Corrections

Tapa

Bullet Tickets to the Namie Amuro concert Sunday at Waikiki Shell start at $35. An incorrect price was included in yesterday's Do It! section.
Bullet Topa Equities Ltd. is the name of the California company that owns Paradise Beverages Inc. The name of the California firm was misspelled in an article Wednesday.






Police, Fire, Courts

Police/Fire

By Star-Bulletin staff

Honolulu Police Department Crimestoppers

Man, 28, arrested in Mililani carjacking

A 28-year-old man is in custody in connection with a carjacking Monday in Mililani.

The suspect, who has no local address, was arrested yesterday in Wahiawa for first-degree robbery, police said. He is accused of pulling a gun on a 19-year-old man while his Chevy pickup truck was stopped at Kipapa Drive and Moenamanu Street and taking the truck. The suspect and driver apparently know each other.

Big Isle man charged in attempted murder

KAILUA-KONA -- Attempted murder and other charges have been filed against Pedro Dagdag III, 29, of Kealakekua in connection with shootings at a Kailua-Kona bar Tuesday night.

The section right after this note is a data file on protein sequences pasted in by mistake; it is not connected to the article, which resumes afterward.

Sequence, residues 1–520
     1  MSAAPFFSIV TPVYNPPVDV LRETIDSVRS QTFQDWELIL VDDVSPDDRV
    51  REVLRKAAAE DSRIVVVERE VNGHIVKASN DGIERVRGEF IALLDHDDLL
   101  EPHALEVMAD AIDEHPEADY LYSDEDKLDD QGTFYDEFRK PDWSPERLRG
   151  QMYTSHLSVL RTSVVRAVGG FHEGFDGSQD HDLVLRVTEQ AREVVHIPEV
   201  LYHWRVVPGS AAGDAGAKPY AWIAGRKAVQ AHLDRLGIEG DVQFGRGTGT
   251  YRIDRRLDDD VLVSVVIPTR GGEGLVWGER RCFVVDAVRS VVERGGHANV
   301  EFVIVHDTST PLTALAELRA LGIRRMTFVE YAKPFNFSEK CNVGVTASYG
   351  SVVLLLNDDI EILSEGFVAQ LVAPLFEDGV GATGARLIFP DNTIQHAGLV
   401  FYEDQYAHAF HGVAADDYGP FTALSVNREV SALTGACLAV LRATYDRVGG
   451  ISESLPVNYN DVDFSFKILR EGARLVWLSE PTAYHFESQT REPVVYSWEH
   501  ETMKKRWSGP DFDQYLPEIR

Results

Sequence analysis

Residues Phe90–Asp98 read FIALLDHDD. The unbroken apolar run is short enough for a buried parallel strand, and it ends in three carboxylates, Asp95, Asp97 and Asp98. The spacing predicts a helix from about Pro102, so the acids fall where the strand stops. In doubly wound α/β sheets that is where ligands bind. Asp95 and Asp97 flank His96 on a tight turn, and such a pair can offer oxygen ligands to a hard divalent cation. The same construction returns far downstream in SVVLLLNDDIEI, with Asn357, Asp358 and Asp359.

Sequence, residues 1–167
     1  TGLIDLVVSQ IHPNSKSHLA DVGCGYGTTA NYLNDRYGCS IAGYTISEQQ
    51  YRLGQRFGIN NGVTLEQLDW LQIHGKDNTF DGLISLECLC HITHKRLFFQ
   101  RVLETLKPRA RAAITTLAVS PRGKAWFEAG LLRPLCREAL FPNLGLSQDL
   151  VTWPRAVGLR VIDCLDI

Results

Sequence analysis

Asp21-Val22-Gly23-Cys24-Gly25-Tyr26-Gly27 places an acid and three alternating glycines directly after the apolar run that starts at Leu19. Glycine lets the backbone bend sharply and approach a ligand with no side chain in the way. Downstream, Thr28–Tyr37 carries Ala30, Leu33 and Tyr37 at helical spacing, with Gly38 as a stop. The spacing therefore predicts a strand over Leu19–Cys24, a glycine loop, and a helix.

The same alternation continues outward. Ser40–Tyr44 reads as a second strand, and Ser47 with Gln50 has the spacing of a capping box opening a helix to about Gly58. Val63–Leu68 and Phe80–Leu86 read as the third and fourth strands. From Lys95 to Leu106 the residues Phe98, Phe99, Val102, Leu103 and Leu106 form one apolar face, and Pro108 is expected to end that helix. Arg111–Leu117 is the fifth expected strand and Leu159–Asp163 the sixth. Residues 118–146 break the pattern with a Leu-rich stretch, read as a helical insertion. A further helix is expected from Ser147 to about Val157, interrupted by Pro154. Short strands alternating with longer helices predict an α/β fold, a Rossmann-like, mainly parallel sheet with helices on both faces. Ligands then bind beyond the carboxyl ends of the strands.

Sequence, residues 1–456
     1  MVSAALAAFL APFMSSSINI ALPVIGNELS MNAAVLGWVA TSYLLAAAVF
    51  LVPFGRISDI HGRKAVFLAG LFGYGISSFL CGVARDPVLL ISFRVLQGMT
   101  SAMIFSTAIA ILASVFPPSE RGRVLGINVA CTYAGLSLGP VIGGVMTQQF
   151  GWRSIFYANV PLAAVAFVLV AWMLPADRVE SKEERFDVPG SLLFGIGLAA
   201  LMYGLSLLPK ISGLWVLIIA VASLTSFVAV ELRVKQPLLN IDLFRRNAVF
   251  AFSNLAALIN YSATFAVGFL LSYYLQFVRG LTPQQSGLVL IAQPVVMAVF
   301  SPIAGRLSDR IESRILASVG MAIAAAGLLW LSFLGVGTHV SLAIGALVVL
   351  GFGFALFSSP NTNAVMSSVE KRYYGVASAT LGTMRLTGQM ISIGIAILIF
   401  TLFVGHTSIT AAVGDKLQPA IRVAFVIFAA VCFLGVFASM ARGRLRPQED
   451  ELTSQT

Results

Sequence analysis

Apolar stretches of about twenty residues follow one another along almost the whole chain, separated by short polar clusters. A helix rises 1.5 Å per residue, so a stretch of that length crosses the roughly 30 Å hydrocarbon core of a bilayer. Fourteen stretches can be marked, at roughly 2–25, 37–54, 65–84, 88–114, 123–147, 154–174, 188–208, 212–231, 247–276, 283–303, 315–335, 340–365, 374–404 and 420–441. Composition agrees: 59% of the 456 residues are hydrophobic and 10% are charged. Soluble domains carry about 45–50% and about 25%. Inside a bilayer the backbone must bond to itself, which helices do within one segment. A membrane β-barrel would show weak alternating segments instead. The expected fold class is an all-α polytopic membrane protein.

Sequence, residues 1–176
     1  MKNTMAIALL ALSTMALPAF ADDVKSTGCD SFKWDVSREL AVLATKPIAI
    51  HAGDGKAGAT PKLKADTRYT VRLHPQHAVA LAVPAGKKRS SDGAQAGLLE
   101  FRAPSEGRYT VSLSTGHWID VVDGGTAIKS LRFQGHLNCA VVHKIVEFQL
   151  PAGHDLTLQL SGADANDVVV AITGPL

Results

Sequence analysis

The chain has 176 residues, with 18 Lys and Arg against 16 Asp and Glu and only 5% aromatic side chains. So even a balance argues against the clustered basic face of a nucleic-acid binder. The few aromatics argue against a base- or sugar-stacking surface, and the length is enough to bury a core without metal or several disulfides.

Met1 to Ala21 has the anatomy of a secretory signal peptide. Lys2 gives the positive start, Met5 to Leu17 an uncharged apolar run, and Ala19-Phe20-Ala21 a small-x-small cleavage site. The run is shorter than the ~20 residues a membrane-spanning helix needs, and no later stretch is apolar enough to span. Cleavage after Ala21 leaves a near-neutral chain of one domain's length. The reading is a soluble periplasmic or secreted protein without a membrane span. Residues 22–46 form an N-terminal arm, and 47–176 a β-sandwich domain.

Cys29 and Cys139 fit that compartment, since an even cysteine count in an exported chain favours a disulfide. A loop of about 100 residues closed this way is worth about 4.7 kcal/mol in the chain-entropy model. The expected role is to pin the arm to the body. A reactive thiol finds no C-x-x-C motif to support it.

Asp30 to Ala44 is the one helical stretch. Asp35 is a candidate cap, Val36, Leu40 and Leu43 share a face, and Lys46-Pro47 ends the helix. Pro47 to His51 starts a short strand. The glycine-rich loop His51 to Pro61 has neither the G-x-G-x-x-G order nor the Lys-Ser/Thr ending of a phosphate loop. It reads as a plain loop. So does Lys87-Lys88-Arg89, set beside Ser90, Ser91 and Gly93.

Police say an argument in the bar was carried outside where Dagdag got into a car driven by a second suspect. The driver tried to run down four victims while Dagdag fired shots with a rifle, police said. Several of the men got into a car and chased Dagdag, who shot at their car, hitting it, police added. Dagdag was arrested when he returned to the bar. The driver of the vehicle with Dagdag is being sought.

Dagdag is being held without bail.

Male suspect sought in Hickam store robbery

Honolulu and military police are asking for the public's assistance in locating a man accused of robbing a grocery store at Hickam Air Force Base last year.